MOORE — Six days after an EF-5 tornado killed 24 people and caused more than $2 billion in damage to Moore, President Barack Obama paid the city a visit Sunday. He got a first-hand look at the destruction and reassured residents that he was in the rebuilding phase for the long haul.
According to the White House, Federal Emergency Management Agency has already provided $57 million in rebates and incentives to help build about 12,000 storm shelters in Oklahoma.
“When we say we got your back, we keep our word,” Obama said. “When we say we are going to be here until you are completely rebuilt, we mean it.”
Obama arrived at Tinker Air Force base at 11:42 a.m. in Air Force One and was greeted by Gov. Mary Fallin, whom he hugged, Rep. Tom Cole, Oklahoma City Mayor Mick Cornett and Midwest City Mayor Jack Fry.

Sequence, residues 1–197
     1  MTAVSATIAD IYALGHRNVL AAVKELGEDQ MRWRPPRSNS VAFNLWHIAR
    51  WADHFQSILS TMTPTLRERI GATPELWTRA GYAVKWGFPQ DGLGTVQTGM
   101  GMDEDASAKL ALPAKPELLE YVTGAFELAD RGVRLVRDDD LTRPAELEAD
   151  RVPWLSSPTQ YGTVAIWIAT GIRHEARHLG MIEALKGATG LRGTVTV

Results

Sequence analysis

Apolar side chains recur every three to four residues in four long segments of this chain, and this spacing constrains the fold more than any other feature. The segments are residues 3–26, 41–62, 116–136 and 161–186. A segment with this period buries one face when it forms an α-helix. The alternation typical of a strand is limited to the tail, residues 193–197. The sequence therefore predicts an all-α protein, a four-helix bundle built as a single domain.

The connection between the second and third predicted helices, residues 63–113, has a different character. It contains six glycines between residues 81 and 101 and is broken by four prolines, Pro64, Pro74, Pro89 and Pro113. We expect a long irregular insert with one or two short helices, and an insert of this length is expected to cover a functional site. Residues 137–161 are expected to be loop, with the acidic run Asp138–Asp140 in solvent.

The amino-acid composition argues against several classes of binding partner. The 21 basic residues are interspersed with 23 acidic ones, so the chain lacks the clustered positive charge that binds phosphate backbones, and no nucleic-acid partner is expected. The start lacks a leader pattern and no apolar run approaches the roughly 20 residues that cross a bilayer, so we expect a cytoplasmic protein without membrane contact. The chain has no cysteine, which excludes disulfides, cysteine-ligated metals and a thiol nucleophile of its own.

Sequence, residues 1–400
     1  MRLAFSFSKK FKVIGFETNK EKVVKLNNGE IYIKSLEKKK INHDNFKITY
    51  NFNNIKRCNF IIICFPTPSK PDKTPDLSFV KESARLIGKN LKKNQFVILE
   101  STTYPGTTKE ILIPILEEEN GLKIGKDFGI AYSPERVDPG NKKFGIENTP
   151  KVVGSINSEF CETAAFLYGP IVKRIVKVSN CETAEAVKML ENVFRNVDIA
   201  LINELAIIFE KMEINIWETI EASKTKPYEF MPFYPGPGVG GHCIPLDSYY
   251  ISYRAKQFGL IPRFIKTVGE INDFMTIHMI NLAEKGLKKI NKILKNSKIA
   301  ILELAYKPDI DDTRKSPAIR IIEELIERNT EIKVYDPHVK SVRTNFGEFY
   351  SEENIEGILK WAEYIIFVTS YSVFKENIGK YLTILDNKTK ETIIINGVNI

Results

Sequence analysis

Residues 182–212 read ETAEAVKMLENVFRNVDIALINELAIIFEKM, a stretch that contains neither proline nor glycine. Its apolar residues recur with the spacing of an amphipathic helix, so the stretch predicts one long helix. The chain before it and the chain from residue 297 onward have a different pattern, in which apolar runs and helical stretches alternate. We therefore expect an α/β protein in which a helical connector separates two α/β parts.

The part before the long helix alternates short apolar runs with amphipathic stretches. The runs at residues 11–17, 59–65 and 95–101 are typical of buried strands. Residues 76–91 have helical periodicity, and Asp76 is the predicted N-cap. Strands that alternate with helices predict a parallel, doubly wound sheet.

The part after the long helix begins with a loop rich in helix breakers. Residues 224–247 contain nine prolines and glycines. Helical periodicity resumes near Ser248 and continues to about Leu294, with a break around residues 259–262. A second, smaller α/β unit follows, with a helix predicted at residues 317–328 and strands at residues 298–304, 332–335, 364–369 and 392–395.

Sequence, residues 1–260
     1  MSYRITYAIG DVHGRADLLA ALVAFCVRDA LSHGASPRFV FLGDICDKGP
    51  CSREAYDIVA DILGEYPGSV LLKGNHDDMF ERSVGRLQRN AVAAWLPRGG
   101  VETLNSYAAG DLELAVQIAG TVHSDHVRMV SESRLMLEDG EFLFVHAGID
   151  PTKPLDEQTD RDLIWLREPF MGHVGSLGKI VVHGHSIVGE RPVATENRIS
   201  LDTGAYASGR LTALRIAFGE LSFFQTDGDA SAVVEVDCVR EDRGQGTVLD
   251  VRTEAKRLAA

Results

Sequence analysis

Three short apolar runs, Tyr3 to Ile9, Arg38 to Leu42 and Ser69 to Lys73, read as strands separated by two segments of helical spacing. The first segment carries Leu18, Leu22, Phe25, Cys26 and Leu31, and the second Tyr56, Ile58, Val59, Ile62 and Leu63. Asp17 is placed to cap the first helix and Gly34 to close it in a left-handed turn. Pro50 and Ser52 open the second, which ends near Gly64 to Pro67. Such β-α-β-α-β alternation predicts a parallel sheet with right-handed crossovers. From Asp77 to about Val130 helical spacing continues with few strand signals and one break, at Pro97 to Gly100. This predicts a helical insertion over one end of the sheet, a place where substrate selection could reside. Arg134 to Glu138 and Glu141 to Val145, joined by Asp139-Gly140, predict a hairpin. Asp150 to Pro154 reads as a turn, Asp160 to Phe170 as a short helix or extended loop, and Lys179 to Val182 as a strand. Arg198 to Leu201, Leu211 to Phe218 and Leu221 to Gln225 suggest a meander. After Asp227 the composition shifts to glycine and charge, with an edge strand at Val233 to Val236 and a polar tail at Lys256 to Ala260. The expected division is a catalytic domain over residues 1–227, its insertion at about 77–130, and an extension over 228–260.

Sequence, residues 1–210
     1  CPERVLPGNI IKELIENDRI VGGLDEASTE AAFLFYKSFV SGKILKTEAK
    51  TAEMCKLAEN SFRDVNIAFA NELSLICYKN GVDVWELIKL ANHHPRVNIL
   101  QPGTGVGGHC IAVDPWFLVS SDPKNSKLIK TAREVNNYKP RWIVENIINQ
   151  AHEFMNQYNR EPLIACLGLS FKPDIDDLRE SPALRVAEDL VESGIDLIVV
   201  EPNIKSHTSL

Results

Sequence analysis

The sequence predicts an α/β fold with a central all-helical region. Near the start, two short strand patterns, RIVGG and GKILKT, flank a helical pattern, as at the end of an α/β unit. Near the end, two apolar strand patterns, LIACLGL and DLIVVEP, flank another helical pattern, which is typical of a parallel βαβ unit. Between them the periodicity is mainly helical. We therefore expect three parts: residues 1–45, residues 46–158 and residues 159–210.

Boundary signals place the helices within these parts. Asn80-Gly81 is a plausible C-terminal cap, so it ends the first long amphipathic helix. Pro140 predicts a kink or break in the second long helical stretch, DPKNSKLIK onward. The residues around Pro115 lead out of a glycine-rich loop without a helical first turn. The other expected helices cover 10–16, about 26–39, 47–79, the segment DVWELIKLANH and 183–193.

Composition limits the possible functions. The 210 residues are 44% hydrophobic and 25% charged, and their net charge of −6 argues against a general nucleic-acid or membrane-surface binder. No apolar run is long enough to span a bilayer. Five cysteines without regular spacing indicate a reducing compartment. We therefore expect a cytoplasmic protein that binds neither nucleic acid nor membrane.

Obama then took time to speak to some of the 350 Tinker personnel whose homes were damaged or lost in the tornadoes.
Along the route to Moore, people lined the roadways, many holding American flags or using cell phones to take photos of the passing presidential motorcade.
Obama’s first stop was Plaza Towers Elementary, where seven school children lost their lives in the tornado. As he walked up Eagle Drive, he stared at the scenes of destruction on both sides of him. He was met by Moore Mayor Glenn Lewis, Fallin and Cole as they toured the neighborhood around the school.
Obama and his group then stopped at a spot where a house used to stand before it had collapsed in on itself. All that was left was a pile of rubble.
As Obama and his entourage finally made their way to Plaza Towers, they were greeted by school staff, district personnel and first responders.
“Hello, everybody,” the president said as he approached the group.